Like most of the subjects interviewed in your article, over the years I have come to be quite tolerant and respectful of virtually every attitude and position taken toward the Vietnam War by (us) draftable young men at the time. Two broad comments spring to mind.
First, both those who chose to go to Vietnam and those who chose to avoid it were inevitably faced with the need to publicly rationalize either the validity or invalidity of risking one’s own life and/or taking other people’s lives in support of a very controversial cause. Additionally, those who chose not to go faced a second set of issues: namely, the degree to which their opposition to the war might have been at least partly motivated by personal fears for their own physical safety and/or doubts about their ability to muster the courage that would be tested in a combat environment. That second set of issues was rarely addressed publicly then, and surely must haunt many of the resisters, even to this day.
Second, my experience in Vietnam convinced me overwhelmingly that the average South Vietnamese citizen simply wanted to be left alone. Because neither the Viet Cong, the North Vietnamese, nor we Americans were willing to accept that, hundreds of thousands of South Vietnamese were literally, not figuratively, killed in the crossfire.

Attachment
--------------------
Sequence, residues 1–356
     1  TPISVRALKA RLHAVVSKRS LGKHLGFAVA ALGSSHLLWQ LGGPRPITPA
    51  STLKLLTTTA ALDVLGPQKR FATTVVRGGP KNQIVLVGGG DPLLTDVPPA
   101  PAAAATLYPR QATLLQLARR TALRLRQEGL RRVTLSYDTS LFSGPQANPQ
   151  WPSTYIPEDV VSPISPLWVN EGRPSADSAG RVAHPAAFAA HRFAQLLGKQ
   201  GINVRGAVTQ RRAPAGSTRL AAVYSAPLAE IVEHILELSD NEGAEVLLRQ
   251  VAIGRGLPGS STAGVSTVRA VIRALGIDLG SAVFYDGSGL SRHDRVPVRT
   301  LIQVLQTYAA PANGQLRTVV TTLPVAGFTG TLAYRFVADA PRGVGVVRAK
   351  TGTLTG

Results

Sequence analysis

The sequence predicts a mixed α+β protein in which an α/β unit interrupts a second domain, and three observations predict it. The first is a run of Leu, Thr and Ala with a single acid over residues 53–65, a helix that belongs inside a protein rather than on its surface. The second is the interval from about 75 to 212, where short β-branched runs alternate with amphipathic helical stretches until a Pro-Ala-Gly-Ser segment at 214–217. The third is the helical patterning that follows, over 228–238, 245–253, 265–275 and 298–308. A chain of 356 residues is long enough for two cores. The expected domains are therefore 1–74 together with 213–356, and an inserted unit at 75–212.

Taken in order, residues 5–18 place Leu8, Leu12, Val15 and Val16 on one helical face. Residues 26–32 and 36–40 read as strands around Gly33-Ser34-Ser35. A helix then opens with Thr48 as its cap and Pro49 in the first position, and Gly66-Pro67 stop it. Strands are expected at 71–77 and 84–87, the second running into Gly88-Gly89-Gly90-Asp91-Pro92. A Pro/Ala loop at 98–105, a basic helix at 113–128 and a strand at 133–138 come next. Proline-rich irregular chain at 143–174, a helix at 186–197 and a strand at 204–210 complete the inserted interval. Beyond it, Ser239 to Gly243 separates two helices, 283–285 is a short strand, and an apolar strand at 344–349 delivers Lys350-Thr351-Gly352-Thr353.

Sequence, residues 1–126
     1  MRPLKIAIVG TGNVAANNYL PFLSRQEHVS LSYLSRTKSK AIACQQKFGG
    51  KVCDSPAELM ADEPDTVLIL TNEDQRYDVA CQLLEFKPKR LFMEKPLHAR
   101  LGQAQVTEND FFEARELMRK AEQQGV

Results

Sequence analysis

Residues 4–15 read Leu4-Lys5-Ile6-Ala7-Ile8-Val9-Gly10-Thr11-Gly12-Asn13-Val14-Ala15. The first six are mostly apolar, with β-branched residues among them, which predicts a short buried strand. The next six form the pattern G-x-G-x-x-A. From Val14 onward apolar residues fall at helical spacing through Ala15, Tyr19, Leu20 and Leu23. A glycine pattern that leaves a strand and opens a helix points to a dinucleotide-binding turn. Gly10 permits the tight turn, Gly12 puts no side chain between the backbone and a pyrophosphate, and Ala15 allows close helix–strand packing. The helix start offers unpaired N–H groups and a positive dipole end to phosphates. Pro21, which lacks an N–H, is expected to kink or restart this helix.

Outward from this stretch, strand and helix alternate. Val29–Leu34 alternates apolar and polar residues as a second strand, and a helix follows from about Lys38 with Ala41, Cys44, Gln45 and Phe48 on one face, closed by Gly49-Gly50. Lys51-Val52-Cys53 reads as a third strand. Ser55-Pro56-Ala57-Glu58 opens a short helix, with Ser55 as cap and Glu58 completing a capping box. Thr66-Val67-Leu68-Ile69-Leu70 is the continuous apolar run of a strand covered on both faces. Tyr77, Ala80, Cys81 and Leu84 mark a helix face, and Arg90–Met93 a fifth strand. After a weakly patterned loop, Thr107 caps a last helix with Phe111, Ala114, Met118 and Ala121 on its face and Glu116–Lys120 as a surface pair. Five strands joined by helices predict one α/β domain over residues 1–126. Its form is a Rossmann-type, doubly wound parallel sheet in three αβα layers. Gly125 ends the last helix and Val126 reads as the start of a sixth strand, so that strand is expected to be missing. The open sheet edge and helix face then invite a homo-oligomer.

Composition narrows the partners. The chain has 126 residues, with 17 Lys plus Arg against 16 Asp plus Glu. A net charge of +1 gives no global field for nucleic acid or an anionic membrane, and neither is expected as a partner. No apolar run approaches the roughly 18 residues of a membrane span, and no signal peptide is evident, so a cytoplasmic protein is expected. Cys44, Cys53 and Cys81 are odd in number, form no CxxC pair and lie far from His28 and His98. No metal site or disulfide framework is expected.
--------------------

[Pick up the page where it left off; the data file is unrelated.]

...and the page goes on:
The one point of view that I have never been able to tolerate is that the Viet Cong and the North Vietnamese were the “good guys”; this is the “Jane Fonda position,” and a monumental ignorance of, or disregard for, documented historical fact and truth is required in order to try to maintain such an absurdity.
On the bottom line, my personal take-away was this: The Vietnam War was one of the great disasters in the history of the United States; I’m both glad and proud that I was there; and if my grown children were faced with a similar situation now, I would give them all my money and send them off to Canada. Since I’m now 65 years old, I guess that’s as close as I’m going to come to sorting it all out.
FRED LAMPARTER ’61
Professor Patrick Deneen scolds me (Letters, April 6) for failing to recognize the complexity of American religious history (Perspective, March 9). Washington’s and the Puritans’ view of religion, he reminds me, are much more complicated than my quotations suggest. Of course they are. But the whole story can hardly be told in a few hundred words. I introduce the quotations to support a more important claim that Deneen neglects to address: the disjunction between our nation’s purported commitment to religious toleration and diversity and our actual history of failing, all too often, to embrace that diversity in our daily practice.